The lawyer's intelligent wife contrasted with the vapid English vicar, the church-going Jamaican uncle with the dead boy, troublesome son of a troublesome father. Apart from the novelty of the setting as a play, ‘Rainbow City’ was slow. Substitute class difficulties for colour difficulties and this was a familiar plot. The play was written by John Elliott and Horace James. Mr. James defended the programme on BBC-1s ‘Late Night Line Up’ last night. On the programme it was stated that a number of calls had been received by the BBC, objecting to the use of the subject of West Indians in Birmingham for a television series. Mr. James said: "When one sees a programme like ‘Rainbow City’ with negroes, one is tempted to understand more readily that these are people just trying to live. Here is a story—you like it for its entertainment value, or you don't. "I am sure one or two people will change their views about the way people live in Birmingham."

Rainbow City
Scene from the first episode of 'Rainbow City'

A later episode, reviewed by Ann Purser in The Stage, didn’t consider that the series had improved or tried hard enough to get its message across: ‘Errol John plays John Steele, the solicitor whose partnership in the firm is an astute piece of assessment of the population make-up of this particular city. His clients come from Trinidad or Barbados, but he preserves a very English dignity throughout. So anxious does he seem to be to show how intelligent and responsible he is, that his performance dries up on an arid bed of respectability. Last week's episode was concerned with a young coloured wife (Carmen Munroe) whose marriage was rocky enough to send her to Dennis Jackson (Horace James), a suspicious kind of black friend to all black men, and then on to John Steele. He seemed fairly puzzled by it all, as I was, and his role turned out to be nothing more than a welfare officer with a rudimentary knowledge of divorce law. So it isn't a serial about the law, and it isn't a serial about a mixed marriage (so they say). It must then be an attempt at a good story about interesting people.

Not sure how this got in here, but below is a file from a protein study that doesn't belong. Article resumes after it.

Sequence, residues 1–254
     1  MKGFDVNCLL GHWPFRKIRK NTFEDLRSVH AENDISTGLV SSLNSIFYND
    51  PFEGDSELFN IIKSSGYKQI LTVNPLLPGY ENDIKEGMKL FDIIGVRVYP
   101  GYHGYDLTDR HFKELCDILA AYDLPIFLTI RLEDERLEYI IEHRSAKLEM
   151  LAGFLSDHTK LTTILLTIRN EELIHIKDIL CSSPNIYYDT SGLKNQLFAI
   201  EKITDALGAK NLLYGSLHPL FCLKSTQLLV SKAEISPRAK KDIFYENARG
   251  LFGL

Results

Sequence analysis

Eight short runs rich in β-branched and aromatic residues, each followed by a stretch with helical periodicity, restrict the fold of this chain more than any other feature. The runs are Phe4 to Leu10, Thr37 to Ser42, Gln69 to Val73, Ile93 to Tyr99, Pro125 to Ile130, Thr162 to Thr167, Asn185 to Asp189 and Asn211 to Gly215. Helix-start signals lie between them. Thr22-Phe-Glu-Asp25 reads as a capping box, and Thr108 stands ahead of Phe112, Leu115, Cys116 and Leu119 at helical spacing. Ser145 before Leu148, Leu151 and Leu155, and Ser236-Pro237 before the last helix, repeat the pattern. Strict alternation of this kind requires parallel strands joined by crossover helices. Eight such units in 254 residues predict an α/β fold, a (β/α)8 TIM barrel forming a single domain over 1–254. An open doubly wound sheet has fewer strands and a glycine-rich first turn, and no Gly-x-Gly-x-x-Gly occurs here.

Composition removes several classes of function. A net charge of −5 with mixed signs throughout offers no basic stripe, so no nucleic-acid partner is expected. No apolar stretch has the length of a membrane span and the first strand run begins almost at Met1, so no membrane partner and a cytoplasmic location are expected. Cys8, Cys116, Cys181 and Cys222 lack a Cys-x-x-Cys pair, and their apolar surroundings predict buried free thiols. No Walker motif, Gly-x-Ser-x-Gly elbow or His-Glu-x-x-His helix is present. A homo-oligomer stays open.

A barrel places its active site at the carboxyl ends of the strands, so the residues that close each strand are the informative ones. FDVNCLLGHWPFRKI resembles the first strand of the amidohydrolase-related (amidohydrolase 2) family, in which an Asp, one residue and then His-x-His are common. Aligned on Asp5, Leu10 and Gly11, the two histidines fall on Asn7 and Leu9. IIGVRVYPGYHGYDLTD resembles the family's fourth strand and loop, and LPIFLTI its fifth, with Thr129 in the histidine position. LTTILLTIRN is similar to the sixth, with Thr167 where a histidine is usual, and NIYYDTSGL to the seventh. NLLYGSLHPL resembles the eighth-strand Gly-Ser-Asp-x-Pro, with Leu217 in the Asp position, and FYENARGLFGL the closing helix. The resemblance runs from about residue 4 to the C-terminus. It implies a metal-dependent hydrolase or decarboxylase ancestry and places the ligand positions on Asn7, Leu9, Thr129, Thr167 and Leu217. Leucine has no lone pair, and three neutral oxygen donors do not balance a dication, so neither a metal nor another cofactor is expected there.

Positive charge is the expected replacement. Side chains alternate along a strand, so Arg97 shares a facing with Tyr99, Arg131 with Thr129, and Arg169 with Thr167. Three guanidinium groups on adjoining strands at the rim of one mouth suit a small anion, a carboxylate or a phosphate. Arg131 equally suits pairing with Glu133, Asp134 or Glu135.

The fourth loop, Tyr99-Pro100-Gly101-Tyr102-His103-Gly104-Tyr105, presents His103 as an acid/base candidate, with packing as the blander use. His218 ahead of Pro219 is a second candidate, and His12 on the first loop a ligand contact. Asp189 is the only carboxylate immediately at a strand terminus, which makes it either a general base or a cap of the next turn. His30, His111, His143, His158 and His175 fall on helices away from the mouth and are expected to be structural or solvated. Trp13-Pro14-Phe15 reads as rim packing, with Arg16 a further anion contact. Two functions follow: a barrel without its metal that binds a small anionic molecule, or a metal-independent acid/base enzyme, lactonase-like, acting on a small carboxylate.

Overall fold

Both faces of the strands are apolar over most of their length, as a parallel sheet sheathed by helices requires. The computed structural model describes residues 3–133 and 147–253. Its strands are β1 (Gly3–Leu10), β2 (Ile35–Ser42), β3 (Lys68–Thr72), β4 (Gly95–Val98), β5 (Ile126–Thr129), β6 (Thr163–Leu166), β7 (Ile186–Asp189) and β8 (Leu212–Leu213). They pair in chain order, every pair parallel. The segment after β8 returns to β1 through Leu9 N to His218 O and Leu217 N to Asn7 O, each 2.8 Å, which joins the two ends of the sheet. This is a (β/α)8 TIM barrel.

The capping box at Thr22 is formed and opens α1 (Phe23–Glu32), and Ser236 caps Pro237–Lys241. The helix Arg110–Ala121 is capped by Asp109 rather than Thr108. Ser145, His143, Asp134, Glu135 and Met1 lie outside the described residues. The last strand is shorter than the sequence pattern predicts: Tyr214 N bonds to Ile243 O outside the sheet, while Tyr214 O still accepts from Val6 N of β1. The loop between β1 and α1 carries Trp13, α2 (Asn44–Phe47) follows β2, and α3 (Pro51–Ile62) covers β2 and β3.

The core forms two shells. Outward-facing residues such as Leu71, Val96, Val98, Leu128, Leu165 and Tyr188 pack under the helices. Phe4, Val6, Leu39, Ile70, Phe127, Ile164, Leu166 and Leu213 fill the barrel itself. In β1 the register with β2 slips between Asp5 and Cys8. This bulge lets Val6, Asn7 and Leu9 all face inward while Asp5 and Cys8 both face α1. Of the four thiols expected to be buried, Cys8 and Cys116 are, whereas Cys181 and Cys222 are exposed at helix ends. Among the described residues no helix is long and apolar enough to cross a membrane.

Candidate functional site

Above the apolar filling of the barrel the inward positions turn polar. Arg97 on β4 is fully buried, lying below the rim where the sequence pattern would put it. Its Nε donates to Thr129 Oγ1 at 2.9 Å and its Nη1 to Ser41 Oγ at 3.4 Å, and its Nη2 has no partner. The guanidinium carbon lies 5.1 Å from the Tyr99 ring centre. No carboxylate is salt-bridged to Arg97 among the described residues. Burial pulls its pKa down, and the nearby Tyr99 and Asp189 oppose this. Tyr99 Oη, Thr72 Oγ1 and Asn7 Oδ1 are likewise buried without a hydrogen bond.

But the heavily loaded subject imposes itself too obtrusively on the story, and the result is a bit too solidly worthy to escape overbalancing sometimes into boring sermonising. All situations shown are in a way cliches - we know them all, and the attitudes so fairly illustrated are ones with which we are all familiar. Perhaps if John Steele were a more interesting human being, if his wife Mary were a little less saintly about returning to a country with a predominantly black population, if all the evidence weren't given so painstakingly for all sides, the programme might spark into life. I might even see the shot of Steele and his wife in bed together without thinking 'Ah yes, that's to test how you would feel if your daughter married a black man.’